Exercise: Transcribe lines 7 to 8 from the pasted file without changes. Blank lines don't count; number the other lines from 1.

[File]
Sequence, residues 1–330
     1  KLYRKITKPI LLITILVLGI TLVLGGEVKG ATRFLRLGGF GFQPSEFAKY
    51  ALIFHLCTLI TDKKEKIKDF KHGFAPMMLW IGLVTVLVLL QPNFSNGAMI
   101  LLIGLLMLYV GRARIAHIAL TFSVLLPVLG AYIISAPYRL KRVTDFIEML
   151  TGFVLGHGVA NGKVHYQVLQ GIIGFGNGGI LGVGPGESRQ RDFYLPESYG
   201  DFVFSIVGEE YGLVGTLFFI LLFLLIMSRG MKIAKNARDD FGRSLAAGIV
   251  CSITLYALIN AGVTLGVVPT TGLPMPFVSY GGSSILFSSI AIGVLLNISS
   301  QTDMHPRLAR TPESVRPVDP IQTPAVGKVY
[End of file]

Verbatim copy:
   251  CSITLYALIN AGVTLGVVPT TGLPMPFVSY GGSSILFSSI AIGVLLNISS
   301  QTDMHPRLAR TPESVRPVDP IQTPAVGKVY